A fixed rate mortgage (FRM) is a home loan with an interest rate that remains the same through out the term of the loan.
This means that without the complexity of ARMs and hybrids, a borrower can have a very clear picture of payments over the entire life of the loan by just having a few variables.
- Number of years
- Interest rates
- Loan quantum
- Compounding schedule
The compounding frequency would show the number of times the accumulated interest is capitalized or paid out each year.
With the above information, the monthly installment payment can be worked out.
The installments would make up a portion for interest and another towards the principal amount.
Unlike adjustable rate loans that are tied to an index rate to reflect market sentiments and movements over time, FRMs don’t have a floating component in which causes it to swing up or down.
Because committing to a fixed interest rate for 20 to 30 years is risky to a lender, FRMs tend to have a slightly higher interest rate compared to ARMs.
This is because a lender has to continue charging the same mortgage rate even if prime rates or interest rate in general rise above the interest rate of the FRM.
Also partly because of the perceived risks, lenders of FRMs tend to insert lock-in periods into such loans that charge penalty fees on borrowers should they redeem the loan prematurely within the first few initial years.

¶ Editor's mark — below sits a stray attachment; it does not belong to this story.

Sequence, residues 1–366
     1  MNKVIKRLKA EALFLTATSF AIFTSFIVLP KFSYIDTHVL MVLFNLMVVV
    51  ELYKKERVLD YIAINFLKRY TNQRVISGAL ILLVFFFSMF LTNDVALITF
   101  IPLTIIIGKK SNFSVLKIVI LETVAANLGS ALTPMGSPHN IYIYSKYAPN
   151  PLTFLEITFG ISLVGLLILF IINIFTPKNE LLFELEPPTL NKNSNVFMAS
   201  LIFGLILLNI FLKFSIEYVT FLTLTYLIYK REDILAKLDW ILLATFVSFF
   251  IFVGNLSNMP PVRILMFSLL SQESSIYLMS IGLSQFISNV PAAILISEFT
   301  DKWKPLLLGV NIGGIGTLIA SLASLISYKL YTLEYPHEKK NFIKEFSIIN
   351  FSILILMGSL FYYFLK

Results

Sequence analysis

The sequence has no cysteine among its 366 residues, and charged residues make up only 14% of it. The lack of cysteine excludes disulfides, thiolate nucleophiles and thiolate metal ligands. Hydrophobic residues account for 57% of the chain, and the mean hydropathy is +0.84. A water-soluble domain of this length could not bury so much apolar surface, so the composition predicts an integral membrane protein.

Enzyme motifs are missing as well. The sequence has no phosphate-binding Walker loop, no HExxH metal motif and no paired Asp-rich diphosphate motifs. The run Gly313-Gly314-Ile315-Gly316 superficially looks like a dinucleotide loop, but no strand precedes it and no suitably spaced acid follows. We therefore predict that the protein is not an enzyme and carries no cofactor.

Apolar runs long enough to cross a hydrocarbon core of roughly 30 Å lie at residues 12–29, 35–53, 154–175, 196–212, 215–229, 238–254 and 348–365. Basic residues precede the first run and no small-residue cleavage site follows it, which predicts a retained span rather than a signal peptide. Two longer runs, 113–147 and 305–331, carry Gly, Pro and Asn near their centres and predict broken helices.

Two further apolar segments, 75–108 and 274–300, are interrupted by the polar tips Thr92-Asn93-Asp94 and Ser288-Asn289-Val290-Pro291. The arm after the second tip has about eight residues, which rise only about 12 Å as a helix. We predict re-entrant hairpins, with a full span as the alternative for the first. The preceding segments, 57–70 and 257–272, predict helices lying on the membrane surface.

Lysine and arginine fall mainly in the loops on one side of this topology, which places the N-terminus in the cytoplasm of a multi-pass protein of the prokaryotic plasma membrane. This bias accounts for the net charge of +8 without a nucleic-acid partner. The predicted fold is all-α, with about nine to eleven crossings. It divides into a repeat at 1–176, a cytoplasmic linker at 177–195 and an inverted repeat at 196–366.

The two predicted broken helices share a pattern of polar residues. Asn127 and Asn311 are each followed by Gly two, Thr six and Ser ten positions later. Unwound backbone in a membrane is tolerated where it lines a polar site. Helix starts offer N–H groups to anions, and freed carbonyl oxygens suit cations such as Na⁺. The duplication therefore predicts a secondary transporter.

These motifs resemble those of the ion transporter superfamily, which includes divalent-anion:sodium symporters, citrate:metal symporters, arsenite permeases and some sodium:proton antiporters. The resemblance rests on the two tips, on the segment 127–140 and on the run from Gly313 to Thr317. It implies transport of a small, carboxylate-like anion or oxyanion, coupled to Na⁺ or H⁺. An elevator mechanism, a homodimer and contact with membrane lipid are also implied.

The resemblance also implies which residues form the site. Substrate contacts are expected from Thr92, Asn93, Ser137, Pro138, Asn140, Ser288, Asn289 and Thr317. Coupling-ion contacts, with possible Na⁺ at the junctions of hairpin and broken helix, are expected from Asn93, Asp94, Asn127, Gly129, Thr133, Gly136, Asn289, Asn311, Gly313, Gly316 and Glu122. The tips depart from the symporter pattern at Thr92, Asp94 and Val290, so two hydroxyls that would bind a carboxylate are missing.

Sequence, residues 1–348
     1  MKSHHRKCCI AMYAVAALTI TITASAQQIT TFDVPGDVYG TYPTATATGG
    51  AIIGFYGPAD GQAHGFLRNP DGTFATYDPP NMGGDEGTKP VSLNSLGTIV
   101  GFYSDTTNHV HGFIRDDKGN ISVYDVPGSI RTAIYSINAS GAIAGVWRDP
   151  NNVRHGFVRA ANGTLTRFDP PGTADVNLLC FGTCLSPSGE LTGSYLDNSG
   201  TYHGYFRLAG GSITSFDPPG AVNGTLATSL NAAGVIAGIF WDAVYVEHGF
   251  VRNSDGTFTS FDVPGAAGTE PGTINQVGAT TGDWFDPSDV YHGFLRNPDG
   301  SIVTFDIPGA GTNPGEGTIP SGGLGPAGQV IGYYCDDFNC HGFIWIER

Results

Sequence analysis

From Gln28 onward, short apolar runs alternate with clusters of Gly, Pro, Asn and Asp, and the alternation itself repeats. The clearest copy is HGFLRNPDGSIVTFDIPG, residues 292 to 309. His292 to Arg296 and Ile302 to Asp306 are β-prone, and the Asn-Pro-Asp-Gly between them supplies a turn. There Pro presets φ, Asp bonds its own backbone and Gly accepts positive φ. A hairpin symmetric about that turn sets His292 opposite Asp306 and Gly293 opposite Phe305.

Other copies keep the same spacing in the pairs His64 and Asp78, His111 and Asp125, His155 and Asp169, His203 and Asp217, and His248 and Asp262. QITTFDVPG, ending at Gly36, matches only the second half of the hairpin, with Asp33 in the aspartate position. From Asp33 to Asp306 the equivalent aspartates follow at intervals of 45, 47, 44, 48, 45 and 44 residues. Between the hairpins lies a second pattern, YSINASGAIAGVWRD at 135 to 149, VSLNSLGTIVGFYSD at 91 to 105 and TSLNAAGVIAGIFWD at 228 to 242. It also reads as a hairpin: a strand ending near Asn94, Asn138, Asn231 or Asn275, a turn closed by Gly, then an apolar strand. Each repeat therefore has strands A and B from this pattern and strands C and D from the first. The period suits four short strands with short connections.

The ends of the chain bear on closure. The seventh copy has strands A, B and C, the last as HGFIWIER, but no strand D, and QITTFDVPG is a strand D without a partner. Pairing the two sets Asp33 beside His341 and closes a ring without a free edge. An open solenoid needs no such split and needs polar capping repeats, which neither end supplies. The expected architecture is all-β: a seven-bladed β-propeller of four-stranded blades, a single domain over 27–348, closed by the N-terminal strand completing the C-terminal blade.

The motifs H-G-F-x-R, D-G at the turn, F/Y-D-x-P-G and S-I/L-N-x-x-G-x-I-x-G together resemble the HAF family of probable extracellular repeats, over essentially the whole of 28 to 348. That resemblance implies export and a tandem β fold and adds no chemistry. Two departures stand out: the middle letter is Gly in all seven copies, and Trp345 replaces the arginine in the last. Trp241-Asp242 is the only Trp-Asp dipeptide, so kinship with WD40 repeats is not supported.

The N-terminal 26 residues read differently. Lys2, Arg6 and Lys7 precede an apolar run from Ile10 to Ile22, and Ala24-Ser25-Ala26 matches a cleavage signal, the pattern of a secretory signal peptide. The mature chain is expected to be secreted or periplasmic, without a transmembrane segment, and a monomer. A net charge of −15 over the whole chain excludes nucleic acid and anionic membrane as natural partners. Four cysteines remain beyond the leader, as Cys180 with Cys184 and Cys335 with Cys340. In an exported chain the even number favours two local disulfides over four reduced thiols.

The lock-in commitment period deters a borrower from switching to another lender via refinancing the moment a better deal comes along.
This is because a lender would have incurred costs for underwriting the facility and would have made a loss should a borrower exercise an early redemption. The penalty fees would make up for it.
The risks the borrower carries is that interest rates continue to stay below the rate for his loan long into the future.
This means that he has volunteered to pay above the market for all those years.
The general wisdom is that if you forecast interest rates to rise in future, a fixed rate mortgage is the way to go. While if low and depressed interest rates are predicted for the future, an adjustable rate mortgage will be a more strategic choice.
Often affectionately referred to as a “vanilla wafer”, it is fully amortizing and is the preferred choice of borrowers who have a risk-adverse profile.
Stability and certainty are key decision factors.
However, in the case of balloon mortgages and interest-only loans, a mortgage can be a FRM yet non-amortizing as well.